Barbados Insulin Matters (BIM) study: Perceptions on insulin initiation by primary care doctors in the Caribbean island of Barbados.

Abstract

AIMS: With regards to insulin initiation in Barbados we explored primary care doctor (PCD) perception, healthcare system factors and predictors of PCD reluctance to initiate insulin. METHODS: PCDs completed a questionnaire based on the theory of planned behaviour (TPB) and a reluctance to initiate insulin scale. Using linear regression, we explored the association between TPB domains and the reluctance to initiate insulin scale. RESULTS: Of 161 PCDs, 70% responded (75 private and 37 public sector). The majority felt initiating insulin was uncomplicated (68%) and there was benefit if used before complications developed (68%), but would not use it until absolutely necessary (58%). More private than public sector PCDs (p<0.05) thought that the healthcare system allowed enough flexibility of time for education (68 vs 38%) and initiating insulin was easy (63 vs 35%), but less thought system changes would help initiating insulin (42 vs 70%). Reasons for reluctance to initiate insulin included patient nonadherence (83%) and reluctance (63%). Only the attitudes and belief domain of the TPB was associated with the reluctance to initiate insulin scale (p<0.001). CONCLUSIONS: Interventions focusing on PCD attitudes and beliefs and restructuring services inclusive of the use of diabetes specialist nurses are required.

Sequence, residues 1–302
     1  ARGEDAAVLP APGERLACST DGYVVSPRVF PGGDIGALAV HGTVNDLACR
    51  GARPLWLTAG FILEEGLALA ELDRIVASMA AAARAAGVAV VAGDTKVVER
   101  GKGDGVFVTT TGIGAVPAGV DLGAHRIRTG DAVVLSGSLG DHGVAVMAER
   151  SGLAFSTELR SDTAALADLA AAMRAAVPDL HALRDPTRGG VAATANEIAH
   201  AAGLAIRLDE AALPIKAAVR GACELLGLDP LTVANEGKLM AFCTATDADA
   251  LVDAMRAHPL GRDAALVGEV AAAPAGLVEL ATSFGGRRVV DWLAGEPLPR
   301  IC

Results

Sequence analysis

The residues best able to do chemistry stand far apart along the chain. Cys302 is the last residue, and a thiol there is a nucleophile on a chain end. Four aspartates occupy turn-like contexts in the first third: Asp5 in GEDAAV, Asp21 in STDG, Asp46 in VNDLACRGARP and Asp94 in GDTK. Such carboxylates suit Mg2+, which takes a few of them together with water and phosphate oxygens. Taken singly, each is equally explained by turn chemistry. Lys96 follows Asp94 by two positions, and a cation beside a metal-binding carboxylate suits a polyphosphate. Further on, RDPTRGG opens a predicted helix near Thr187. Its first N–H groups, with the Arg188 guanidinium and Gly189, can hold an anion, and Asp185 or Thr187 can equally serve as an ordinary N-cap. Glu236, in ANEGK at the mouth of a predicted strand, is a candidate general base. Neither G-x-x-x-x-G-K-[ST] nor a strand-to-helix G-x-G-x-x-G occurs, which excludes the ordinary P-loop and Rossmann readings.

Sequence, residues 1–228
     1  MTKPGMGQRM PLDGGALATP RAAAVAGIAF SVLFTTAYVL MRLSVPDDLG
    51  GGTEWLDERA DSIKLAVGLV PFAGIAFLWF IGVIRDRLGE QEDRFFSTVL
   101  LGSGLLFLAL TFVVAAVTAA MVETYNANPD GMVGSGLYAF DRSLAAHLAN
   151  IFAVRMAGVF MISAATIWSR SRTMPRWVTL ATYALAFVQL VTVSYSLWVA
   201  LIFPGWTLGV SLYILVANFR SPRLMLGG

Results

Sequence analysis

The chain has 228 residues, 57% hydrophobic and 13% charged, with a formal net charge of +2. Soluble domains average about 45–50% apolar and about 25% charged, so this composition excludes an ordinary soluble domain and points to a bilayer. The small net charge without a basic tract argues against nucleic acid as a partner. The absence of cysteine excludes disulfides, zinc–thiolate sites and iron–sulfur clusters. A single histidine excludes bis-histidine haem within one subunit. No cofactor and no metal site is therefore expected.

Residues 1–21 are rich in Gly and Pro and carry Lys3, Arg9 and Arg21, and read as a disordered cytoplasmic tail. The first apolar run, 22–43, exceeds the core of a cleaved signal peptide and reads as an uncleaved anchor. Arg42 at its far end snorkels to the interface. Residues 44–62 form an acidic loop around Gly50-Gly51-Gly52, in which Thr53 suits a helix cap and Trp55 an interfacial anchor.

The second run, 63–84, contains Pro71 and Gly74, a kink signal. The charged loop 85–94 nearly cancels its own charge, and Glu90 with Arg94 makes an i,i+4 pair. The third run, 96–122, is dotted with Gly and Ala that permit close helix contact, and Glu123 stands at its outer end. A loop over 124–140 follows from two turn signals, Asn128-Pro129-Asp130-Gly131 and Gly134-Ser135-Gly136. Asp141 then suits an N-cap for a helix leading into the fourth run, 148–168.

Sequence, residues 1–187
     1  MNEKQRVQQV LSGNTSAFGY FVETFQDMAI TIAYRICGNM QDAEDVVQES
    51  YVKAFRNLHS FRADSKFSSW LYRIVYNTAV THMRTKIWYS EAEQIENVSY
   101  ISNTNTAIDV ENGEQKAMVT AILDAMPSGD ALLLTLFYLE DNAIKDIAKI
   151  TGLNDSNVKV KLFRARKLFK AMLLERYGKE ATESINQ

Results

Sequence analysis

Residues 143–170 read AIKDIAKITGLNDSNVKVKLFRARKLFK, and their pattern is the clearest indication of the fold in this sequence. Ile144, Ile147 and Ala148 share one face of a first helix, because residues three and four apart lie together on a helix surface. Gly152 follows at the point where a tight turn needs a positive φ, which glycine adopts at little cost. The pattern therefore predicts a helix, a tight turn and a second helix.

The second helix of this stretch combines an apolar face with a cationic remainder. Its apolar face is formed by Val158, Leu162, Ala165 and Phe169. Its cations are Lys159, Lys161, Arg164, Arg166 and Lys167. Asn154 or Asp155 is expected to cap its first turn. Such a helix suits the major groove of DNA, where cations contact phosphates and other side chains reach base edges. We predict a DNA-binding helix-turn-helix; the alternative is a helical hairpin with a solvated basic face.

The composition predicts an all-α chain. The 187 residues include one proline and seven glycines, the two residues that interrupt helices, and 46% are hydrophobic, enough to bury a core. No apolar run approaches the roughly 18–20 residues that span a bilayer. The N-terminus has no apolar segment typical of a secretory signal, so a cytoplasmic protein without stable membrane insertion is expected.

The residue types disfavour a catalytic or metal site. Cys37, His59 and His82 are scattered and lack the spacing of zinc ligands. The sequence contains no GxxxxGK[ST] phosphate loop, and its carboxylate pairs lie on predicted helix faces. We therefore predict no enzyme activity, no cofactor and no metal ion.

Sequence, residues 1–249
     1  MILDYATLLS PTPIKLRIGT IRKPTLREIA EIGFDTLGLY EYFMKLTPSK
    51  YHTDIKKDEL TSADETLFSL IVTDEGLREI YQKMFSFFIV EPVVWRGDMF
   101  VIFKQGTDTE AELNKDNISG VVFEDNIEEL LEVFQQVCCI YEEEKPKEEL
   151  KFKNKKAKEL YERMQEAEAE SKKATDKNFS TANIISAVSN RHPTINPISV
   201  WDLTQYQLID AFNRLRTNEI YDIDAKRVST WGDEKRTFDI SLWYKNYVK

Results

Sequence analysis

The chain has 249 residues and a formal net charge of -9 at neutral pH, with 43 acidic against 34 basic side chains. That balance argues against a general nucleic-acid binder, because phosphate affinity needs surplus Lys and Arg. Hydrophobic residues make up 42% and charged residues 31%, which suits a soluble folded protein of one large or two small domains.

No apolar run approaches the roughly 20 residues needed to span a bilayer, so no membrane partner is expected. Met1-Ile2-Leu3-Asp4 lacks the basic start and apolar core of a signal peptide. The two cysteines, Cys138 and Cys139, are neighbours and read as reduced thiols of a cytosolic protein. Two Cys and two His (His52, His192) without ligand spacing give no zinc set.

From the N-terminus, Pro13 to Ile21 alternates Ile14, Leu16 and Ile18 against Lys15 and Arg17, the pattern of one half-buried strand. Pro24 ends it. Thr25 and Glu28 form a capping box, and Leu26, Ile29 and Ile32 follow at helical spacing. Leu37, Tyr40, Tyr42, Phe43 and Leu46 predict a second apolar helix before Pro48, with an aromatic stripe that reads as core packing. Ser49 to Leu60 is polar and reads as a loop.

Publication
Primary care diabetes

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